David Bourget (Western Ontario)
David Chalmers (ANU, NYU)
Rafael De Clercq
Jack Alan Reynolds
Learn more about PhilPapers
Dissertation, University of Helsinki (2007)
In this study I discuss G. W. Leibniz's (1646-1716) views on rational decision-making from the standpoint of both God and man. The Divine decision takes place within creation, as God freely chooses the best from an infinite number of possible worlds. While God's choice is based on absolutely certain knowledge, human decisions on practical matters are mostly based on uncertain knowledge. However, in many respects they could be regarded as analogous in more complicated situations. In addition to giving an overview of the divine decision-making and discussing critically the criteria God favours in his choice, I provide an account of Leibniz's views on human deliberation, which includes some new ideas. One of these concerns is the importance of estimating probabilities – in making decisions one estimates both the goodness of the act itself and its consequences as far as the desired good is concerned. Another idea is related to the plurality of goods in complicated decisions and the competition this may provoke. Thirdly, heuristic models are used to sketch situations under deliberation in order to help in making the decision. Combining the views of Marcelo Dascal, Jaakko Hintikka and Simo Knuuttila, I argue that Leibniz applied two kinds of models of rational decision-making to practical controversies, often without explicating the details. The more simple, traditional pair of scales model is best suited to cases in which one has to decide for or against some option, or to distribute goods among parties and strive for a compromise. What may be of more help in more complicated deliberations is the novel vectorial model, which is an instance of the general mathematical doctrine of the calculus of variations. To illustrate this distinction, I discuss some cases in which he apparently applied these models in different kinds of situation. These examples support the view that the models had a systematic value in his theory of practical rationality.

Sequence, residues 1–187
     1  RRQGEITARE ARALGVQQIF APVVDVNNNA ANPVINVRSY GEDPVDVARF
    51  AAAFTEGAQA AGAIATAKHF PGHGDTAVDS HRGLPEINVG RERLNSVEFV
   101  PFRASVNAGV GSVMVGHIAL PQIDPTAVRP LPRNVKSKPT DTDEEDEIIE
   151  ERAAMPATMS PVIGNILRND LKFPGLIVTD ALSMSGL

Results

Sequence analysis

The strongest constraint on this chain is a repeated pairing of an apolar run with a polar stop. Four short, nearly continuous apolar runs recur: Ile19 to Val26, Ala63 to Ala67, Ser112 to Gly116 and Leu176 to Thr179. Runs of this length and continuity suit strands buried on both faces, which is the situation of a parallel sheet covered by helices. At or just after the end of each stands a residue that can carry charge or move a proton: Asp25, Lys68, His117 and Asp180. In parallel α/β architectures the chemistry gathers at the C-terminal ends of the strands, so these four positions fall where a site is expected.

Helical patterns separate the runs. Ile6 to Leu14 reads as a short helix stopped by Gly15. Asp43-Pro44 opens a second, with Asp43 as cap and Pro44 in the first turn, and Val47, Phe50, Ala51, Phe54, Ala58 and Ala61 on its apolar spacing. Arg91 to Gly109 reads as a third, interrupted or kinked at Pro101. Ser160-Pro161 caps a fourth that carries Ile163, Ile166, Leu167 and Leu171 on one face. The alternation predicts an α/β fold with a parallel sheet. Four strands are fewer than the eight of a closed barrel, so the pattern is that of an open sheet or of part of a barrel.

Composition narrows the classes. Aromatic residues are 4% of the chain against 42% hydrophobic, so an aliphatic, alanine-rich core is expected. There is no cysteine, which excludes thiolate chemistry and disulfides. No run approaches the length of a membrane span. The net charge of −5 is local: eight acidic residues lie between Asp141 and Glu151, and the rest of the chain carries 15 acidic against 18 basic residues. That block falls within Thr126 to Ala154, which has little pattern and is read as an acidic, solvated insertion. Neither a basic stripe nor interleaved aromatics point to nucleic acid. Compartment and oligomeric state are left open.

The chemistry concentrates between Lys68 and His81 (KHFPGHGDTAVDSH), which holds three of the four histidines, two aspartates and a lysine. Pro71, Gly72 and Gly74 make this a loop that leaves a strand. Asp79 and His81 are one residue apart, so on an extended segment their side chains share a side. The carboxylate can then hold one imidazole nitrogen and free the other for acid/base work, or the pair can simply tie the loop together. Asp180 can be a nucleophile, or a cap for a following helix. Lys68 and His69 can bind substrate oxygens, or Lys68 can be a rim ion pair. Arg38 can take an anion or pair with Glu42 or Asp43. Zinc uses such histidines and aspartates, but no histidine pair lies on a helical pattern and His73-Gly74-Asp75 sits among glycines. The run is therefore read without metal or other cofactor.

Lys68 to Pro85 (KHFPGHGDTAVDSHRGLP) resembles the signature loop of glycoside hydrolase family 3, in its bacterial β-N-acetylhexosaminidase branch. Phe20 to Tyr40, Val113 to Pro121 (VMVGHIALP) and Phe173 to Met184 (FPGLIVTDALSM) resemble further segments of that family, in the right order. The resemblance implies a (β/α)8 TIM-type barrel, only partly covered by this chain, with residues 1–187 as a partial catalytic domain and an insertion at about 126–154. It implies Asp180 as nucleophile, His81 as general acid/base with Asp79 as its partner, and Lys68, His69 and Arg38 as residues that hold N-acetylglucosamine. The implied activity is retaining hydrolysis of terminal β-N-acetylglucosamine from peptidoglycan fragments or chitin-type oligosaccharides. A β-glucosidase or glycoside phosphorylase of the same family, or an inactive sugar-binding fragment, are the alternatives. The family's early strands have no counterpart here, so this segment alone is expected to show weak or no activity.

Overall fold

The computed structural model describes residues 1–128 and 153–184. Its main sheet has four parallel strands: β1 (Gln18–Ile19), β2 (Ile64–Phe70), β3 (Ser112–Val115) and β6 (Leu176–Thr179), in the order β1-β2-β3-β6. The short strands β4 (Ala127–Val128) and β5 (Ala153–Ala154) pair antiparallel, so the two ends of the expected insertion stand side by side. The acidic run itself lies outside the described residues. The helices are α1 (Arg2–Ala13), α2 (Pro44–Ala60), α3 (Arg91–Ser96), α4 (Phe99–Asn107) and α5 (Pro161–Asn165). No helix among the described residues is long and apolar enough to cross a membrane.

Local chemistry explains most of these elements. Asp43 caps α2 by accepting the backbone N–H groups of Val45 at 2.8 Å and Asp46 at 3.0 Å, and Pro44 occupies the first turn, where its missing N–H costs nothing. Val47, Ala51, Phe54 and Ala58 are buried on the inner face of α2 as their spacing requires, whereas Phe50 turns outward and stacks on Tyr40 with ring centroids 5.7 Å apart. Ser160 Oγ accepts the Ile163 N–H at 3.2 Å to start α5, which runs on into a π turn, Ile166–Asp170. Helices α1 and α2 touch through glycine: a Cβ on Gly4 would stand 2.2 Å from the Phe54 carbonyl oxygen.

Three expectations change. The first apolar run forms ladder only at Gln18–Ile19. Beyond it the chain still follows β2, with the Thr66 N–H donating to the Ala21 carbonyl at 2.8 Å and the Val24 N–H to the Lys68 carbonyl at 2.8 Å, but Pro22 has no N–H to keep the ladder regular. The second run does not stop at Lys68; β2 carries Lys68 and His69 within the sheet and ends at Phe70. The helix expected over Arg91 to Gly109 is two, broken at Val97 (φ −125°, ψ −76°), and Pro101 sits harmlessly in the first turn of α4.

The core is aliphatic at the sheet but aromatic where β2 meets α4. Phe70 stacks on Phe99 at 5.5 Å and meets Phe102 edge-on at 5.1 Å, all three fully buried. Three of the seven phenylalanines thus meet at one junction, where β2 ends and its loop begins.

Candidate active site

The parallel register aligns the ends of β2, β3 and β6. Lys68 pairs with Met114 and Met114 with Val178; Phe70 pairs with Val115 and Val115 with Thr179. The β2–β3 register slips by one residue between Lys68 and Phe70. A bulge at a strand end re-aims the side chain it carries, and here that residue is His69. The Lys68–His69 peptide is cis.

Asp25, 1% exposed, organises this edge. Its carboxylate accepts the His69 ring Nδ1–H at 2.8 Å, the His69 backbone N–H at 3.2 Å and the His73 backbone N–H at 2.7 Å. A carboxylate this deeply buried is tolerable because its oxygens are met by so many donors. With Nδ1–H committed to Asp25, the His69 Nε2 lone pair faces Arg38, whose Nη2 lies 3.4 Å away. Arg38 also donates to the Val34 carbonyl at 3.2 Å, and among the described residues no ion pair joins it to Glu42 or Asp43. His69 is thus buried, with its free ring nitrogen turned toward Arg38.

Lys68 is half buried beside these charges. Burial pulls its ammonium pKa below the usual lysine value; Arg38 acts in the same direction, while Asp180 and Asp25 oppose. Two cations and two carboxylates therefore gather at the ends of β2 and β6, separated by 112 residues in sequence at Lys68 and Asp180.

|Keywords||Rational Decision Decision models Leibniz|
|Categories||categorize this paper)|
|Through your library||Configure|
References found in this work BETA
No references found.
Citations of this work BETA
No citations found.
Similar books and articles
Marcel Boumans (2008). Battle in the Planning Office: Field Experts Versus Normative Statisticians. Social Epistemology 22 (4):389 – 404.
Kevin Morrell (2004). Decision Making and Business Ethics: The Implications of Using Image Theory in Preference to Rational Choice. [REVIEW] Journal of Business Ethics 50 (3):239-252.
Marc D. Street, Chris Robertson & Scott W. Geiger (1997). Ethical Decision Making: The Effects of Escalating Commitment. [REVIEW] Journal of Business Ethics 16 (11):1153-1161.
Richard M. Shiffrin (2003). Locally Rational Decision-Making. Behavioral and Brain Sciences 26 (2):175-175.
Igor Douven (2002). Decision Theory and the Rationality of Further Deliberation. Economics and Philosophy 18 (2):303-328.
Tilmann Betsch & Carsten Held (2012). Rational Decision Making: Balancing RUN and JUMP Modes of Analysis. Mind and Society 11 (1):69-80.
Kirsten Martin & Bidhan Parmar (2012). Assumptions in Decision Making Scholarship: Implications for Business Ethics Research. [REVIEW] Journal of Business Ethics 105 (3):289-306.
Alex Mintz, Nehemia Geva & Karl Derouen (1994). Mathematical Models of Foreign Policy Decision-Making: Compensatory Vs. Noncompensatory. Synthese 100 (3):441 - 460.
Lars Sandman & Christian Munthe (2009). Shared Decision-Making and Patient Autonomy. Theoretical Medicine and Bioethics 30 (4):289-310.
Markku Roinila (2008). Leibniz's Models of Rational Decision. In Marcelo Dascal (ed.), Leibniz: What Kind of Rationalist? Springer. 357-370.
Added to index2010-03-17
Total downloads22 ( #65,979 of 1,089,062 )
Recent downloads (6 months)1 ( #69,801 of 1,089,062 )
How can I increase my downloads?